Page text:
Fletcher Elementary School Hosts Family Luau

JAMESTOWN – Fletcher Elementary School special needs teachers, Lisa Campbell, Becky McGrath and Alison Burt, recently held a Family Luau to celebrate the culmination of their animals unit. During the unit, students learned about farm, zoo and ocean animals.
Families and their children participated in educational and fun games in the gym with the help of physical education teacher, Ardelle Rambacher. “Sea Animal Fishing” had students practicing their ocean animal vocabulary while “fishing” for sea animals. This game encouraged counting/number skills, recognition/labeling of colors, turn-taking skills, listening skills, and reading words. It also encourages gross motor skills learned during gym class like hopping, jumping and skipping.

Submitted Image

“Ocean Bean Bag Toss” and “Bowling for Sea Animals” focused on fine motor skills/coordination needed to get the beanbags through the holes and to knock down the pins. “Beach ball parachute play” included socialization, listening, gross motor and just having fun. Families also participated in a limbo contest and broke a piñata.
Families in Lisa Campbell’s class also participated in a demonstration of the use of PECS, which stands for Picture Exchange Communication System. The special education students in all classes are being taught PECS in order to request items and begin to communicate their needs and desires throughout the school day and at home. Students pointed to a picture and verbalized which snack they wanted. The teachers, including Campbell, invite parents into the classroom throughout the school year to show them how their child is progressing in the PECS program so that families can see it used in the classroom and also use it at home. McGrath and Burt also have also had a family engagement activity centered on PECS in their classrooms earlier in the year.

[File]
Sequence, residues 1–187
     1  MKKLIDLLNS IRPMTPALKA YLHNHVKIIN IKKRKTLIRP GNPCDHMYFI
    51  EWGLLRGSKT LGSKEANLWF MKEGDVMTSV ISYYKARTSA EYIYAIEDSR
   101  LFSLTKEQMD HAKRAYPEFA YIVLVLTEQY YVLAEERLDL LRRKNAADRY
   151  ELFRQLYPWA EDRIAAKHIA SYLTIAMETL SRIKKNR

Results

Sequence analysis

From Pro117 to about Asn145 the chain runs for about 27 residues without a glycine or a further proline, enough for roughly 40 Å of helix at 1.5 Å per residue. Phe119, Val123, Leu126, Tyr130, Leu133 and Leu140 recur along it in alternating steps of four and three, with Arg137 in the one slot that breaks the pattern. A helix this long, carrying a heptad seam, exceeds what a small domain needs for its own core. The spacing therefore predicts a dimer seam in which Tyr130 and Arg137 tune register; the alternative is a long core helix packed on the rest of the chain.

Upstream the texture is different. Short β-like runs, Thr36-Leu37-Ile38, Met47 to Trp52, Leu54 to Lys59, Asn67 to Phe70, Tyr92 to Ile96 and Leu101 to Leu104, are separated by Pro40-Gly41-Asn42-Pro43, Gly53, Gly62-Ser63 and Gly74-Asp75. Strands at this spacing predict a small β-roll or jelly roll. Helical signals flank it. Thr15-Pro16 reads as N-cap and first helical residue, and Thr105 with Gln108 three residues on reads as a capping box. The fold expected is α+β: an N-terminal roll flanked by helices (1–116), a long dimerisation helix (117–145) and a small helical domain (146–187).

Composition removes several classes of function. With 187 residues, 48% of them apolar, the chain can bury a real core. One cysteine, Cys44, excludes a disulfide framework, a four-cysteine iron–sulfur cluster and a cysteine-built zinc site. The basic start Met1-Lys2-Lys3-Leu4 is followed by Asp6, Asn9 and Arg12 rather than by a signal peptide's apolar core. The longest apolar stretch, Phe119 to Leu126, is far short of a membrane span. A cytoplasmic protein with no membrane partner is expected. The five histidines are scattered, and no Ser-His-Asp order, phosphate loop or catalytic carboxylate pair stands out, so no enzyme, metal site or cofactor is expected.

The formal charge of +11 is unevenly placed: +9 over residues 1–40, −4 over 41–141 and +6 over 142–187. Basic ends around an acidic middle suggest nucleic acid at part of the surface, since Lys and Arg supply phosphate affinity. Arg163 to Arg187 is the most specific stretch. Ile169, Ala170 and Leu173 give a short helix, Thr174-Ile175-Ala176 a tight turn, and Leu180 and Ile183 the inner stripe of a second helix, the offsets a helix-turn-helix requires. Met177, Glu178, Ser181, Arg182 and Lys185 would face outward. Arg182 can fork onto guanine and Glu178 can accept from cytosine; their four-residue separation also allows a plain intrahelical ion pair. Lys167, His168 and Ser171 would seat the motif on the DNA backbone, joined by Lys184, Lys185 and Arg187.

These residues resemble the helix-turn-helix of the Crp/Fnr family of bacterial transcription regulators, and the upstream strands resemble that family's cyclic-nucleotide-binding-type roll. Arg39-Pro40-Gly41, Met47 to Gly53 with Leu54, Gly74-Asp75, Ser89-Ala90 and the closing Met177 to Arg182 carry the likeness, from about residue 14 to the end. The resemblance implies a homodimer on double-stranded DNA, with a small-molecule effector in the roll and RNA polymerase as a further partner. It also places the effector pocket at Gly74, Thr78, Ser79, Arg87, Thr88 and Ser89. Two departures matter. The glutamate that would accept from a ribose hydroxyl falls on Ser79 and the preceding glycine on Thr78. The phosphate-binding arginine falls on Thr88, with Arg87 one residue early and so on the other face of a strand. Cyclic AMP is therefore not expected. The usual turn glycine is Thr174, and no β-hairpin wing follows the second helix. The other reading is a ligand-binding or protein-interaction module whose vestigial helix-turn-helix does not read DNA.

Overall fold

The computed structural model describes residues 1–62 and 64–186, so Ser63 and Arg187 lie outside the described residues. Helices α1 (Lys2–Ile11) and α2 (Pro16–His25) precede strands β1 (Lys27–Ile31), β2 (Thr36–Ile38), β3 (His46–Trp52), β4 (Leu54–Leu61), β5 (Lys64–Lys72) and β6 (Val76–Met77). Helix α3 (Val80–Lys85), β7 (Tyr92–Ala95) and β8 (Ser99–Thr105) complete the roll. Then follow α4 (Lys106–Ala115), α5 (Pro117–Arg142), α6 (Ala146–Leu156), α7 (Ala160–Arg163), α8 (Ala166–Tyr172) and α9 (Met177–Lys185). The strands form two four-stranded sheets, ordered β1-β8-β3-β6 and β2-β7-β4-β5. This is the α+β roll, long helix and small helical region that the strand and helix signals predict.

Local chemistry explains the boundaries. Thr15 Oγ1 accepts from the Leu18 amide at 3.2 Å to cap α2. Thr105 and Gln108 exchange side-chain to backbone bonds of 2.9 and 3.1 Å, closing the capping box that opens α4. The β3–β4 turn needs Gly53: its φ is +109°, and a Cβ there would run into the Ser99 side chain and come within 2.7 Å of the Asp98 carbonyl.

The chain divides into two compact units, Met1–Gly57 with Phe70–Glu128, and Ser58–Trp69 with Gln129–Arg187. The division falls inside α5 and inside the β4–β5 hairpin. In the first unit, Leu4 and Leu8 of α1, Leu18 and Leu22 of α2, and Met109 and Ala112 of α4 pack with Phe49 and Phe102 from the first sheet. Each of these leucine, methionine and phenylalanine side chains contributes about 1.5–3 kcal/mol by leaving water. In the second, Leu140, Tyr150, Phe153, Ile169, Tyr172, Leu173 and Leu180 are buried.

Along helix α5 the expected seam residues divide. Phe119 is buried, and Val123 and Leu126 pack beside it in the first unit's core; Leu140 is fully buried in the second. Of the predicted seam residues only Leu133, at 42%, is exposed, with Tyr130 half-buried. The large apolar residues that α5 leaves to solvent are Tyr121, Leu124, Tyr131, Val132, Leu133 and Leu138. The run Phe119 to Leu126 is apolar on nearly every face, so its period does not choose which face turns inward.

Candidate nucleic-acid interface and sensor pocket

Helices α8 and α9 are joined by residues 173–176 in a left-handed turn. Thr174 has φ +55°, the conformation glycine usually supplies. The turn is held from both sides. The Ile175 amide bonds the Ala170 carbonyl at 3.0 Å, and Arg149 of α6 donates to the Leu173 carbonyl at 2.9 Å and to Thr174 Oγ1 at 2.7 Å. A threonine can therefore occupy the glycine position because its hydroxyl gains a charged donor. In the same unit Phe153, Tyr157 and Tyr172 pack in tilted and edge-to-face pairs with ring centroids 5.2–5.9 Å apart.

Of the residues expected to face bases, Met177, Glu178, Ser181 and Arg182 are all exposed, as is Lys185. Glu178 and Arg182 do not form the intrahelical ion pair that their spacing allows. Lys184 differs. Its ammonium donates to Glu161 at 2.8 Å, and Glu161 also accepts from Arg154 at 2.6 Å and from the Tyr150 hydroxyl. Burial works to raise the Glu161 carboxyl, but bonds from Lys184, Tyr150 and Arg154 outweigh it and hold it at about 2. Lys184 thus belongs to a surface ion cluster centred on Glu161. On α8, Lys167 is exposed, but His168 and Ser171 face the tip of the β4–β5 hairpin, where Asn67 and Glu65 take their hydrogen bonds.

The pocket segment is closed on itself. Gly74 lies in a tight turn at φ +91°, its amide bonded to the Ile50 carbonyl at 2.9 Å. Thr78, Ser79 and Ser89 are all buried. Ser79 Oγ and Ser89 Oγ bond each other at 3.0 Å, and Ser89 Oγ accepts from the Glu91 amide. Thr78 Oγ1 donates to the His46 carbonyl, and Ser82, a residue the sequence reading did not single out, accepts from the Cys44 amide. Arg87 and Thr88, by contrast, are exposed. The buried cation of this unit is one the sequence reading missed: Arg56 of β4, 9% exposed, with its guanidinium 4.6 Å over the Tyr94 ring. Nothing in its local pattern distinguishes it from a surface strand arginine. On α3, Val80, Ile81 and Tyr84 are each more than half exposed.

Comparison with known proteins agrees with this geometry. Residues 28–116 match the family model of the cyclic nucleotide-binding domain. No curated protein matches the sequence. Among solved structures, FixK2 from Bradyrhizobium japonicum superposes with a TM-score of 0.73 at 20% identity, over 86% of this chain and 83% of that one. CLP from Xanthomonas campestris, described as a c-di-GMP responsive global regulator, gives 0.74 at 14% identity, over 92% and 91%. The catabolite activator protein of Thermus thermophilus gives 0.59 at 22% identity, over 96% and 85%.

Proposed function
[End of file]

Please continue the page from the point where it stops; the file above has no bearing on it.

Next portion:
“Although I try to explain each step of the program to parents as their child progresses, I feel it is easier for parents to understand when they actually see their child performing it in school. Its a great visual for families,” said Campbell.  “Plus, some students may not carry over the skills at home, and this gives the parents a chance to see how it is working at school. For other students, it’s just a chance to show family members how much their child has improved at using PECS throughout the school year (or extended family members who may not be familiar with the program but who attended our event). Educating family members about how to help their children is an important part of my job.”

Be the first to comment

Leave a Reply

Your email address will not be published.